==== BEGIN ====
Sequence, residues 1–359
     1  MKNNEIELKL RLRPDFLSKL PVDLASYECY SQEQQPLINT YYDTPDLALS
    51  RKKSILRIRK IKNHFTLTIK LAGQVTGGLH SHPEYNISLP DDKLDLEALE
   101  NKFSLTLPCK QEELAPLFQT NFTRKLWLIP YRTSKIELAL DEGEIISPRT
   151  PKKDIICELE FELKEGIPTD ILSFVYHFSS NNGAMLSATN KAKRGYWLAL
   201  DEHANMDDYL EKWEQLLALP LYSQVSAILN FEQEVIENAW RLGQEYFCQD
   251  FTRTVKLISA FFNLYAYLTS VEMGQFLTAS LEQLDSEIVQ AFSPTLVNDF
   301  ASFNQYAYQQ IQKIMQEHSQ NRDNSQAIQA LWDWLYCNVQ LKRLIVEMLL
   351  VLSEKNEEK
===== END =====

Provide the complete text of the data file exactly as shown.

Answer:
Sequence, residues 1–359
     1  MKNNEIELKL RLRPDFLSKL PVDLASYECY SQEQQPLINT YYDTPDLALS
    51  RKKSILRIRK IKNHFTLTIK LAGQVTGGLH SHPEYNISLP DDKLDLEALE
   101  NKFSLTLPCK QEELAPLFQT NFTRKLWLIP YRTSKIELAL DEGEIISPRT
   151  PKKDIICELE FELKEGIPTD ILSFVYHFSS NNGAMLSATN KAKRGYWLAL
   201  DEHANMDDYL EKWEQLLALP LYSQVSAILN FEQEVIENAW RLGQEYFCQD
   251  FTRTVKLISA FFNLYAYLTS VEMGQFLTAS LEQLDSEIVQ AFSPTLVNDF
   301  ASFNQYAYQQ IQKIMQEHSQ NRDNSQAIQA LWDWLYCNVQ LKRLIVEMLL
   351  VLSEKNEEK